Six Traits of Highly Innovative Companies

Companies often contact us at InnovationOne because their long-range financial forecasts are on a southbound train. Or, they are facing fierce competition from industry disruptors that have a new technology, newly applied technology in their industry, or a better business model. Sometimes their innovation projects have not produced tangible results. Or, they tried a new, promising technology solution (such as crowdsourcing, which can be an excellent tool when used well), but it has not moved the needle. Sometimes, they contact us simply because they want to assess and benchmark their innovation culture within their industry to see what they could be doing better.

We have learned a lot about successful innovation through our practice and from our landmark research study, Innovation Nation? Innovation Health Inside the Fortune 1000[i], one of the largest empirical studies to date on the state of innovation with the Fortune 1000. The study is based on a scientifically rigorous survey of 1,127 executives and senior managers in Fortune 1000 companies.

What we learned in the study is that there are six traits of highly innovative companies. The disruptive companies practice these traits as if they were on steroids.

The Six Traits of Highly Effective Companies

  1. Executives embrace innovation, create an innovation strategy, and relentlessly communicate it. With many of the companies we work with, this is often the one action executives can take to improve innovation. While the executives themselves don’t have to be the innovators, they need to signal to their workforce and external partners that they embrace innovation and have a strategy for it. When the question was asked in the study, “What has been your biggest innovation challenge?” 26% of the answers pointed to executive leadership and issues, such as organizational structure and culture: openness to risk, inertia, and moving from the status quo.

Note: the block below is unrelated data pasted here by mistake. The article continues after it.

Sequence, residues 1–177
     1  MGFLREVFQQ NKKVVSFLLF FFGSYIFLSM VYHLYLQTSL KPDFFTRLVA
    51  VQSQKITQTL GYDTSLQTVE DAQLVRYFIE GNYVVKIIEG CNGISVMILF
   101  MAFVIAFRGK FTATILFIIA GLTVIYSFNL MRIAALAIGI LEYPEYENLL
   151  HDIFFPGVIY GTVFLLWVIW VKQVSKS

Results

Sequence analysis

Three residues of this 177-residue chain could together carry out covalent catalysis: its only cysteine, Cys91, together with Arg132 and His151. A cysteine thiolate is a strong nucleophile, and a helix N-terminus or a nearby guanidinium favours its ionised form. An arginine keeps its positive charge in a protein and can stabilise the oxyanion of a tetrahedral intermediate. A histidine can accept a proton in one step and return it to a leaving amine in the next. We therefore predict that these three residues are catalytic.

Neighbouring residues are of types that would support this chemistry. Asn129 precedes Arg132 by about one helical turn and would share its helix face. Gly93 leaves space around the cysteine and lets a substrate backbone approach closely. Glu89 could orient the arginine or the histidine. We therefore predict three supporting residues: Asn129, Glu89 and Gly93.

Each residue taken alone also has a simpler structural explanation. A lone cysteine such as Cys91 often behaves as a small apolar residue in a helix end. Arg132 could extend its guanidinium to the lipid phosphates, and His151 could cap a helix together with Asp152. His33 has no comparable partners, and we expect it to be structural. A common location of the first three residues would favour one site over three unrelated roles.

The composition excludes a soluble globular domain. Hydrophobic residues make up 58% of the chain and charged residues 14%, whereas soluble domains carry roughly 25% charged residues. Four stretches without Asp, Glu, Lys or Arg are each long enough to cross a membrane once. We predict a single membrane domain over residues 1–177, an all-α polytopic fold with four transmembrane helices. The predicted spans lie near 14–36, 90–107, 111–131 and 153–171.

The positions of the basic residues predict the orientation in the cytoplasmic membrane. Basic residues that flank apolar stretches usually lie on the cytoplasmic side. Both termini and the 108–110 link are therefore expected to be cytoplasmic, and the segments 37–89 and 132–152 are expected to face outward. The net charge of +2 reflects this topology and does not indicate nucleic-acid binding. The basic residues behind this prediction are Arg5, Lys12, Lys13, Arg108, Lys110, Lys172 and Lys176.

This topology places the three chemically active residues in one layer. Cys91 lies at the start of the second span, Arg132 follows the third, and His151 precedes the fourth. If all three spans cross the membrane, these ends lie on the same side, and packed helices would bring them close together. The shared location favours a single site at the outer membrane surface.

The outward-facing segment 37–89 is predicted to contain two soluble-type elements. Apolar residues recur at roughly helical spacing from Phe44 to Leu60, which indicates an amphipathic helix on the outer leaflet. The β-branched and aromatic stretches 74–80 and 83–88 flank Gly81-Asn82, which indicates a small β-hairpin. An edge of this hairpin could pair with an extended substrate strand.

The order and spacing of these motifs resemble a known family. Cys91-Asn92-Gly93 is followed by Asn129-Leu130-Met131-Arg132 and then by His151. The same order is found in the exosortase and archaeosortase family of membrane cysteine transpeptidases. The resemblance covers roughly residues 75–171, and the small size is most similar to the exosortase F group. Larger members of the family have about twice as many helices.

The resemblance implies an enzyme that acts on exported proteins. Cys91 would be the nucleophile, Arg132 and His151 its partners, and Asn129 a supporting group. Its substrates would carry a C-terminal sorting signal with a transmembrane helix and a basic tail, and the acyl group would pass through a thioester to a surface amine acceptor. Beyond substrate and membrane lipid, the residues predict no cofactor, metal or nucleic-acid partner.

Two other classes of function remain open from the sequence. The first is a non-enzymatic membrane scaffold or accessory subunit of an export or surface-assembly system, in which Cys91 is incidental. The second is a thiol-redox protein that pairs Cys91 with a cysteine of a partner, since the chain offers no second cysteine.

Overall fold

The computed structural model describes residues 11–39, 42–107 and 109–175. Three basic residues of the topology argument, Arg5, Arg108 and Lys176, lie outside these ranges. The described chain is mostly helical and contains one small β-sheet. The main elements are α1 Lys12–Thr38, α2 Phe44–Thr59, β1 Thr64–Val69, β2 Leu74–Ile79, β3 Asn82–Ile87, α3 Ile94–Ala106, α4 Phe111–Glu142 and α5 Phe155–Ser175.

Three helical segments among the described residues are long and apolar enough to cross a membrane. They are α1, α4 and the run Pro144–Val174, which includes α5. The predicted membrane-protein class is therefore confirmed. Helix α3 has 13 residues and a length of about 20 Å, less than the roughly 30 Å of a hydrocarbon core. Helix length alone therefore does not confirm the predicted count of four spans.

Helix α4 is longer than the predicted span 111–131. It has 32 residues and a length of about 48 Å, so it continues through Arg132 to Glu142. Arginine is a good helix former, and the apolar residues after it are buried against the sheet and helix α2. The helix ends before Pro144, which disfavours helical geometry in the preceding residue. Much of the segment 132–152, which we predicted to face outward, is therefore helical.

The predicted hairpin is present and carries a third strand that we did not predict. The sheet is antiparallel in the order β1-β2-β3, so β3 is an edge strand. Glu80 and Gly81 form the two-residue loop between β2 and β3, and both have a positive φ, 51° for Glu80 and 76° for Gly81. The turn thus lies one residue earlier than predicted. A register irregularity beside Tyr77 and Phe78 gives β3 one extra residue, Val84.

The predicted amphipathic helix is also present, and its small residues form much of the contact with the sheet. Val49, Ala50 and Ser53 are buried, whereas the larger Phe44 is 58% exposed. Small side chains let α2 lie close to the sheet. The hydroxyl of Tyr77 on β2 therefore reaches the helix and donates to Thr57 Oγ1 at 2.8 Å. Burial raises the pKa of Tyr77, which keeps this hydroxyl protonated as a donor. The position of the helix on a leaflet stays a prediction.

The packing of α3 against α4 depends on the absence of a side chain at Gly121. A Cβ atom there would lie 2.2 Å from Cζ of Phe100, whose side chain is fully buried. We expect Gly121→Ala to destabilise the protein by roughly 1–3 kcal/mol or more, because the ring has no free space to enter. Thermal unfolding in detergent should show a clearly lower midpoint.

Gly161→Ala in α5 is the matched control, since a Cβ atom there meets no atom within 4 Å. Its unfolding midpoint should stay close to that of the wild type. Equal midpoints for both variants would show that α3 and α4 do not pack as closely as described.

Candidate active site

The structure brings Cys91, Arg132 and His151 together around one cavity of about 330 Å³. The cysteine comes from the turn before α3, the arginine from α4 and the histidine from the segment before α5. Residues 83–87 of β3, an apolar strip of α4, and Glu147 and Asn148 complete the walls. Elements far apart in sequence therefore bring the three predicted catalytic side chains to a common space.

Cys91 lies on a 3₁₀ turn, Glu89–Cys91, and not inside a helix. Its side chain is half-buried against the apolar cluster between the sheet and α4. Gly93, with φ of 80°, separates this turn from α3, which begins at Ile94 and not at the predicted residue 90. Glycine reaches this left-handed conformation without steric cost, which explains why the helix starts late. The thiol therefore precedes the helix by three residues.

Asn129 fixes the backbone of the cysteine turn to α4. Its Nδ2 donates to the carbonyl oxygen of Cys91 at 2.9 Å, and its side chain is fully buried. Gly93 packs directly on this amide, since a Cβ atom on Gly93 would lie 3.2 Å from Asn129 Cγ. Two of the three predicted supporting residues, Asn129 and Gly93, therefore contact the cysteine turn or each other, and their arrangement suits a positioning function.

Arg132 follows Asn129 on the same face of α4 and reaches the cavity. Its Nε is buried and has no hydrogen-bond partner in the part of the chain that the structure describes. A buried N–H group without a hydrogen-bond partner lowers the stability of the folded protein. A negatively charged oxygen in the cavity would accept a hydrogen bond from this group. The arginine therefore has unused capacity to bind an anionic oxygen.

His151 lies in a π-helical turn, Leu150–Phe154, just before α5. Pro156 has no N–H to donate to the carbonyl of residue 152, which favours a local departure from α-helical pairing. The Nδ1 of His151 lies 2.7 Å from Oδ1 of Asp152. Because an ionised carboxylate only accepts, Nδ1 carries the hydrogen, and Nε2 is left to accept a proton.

This quote from a survey participant says it all, “Our greatest hindrance to innovation is organizational inertia. We are a mature company that has developed a risk-adverse orientation. Having a brand that is one of the most widely known in the world means that there are continual moves to protect that brand, which inhibit innovation and risk-taking.”

These are issues that only executive leaders can begin to address. For innovation to be successful, executives need to embrace it, articulate an innovation strategy, create a transparent and collaborative culture, and invest in it.

  1. Employee creativity is unleashed. There is usually no shortage of creativity and suggestions from employees. Executives must create collaborative, transparent cultures of innovation and give employees permission to ask questions, make suggestions, and collaborate.

Many executives tend to hoard their most recent market data, customer feedback, and latest trends. This is the wrong instinct for innovation. Executives need to share what they know (short of proprietary information, of course) and invite employees to look for business opportunities as well as solve problems. When employees are intrinsically aligned with the purpose of the company, believe that their suggestions will be taken seriously, and know they will be recognized for their achievements, a fountain of innovation will flow forth.

  1. A clear process exists to move ideas forward. Many innovative ideas die on the vine because there is no clear process to advance the idea, experiment with it, gather analytics, try it, compare it with competing ideas, and decide which idea to move forward. These processes need to be dynamic and highly interactive. They should also be transparent. This is an area where collaborative digital technology can be helpful, but without a culture that supports innovation, even technology can fail.
  1. An innovation knowledge management system is in place. This response from a survey participant expresses the need for knowledge management, “Our organization gives a tremendous amount of lip service to innovation; however, no processes are place to aggregate creative solutions for employees.”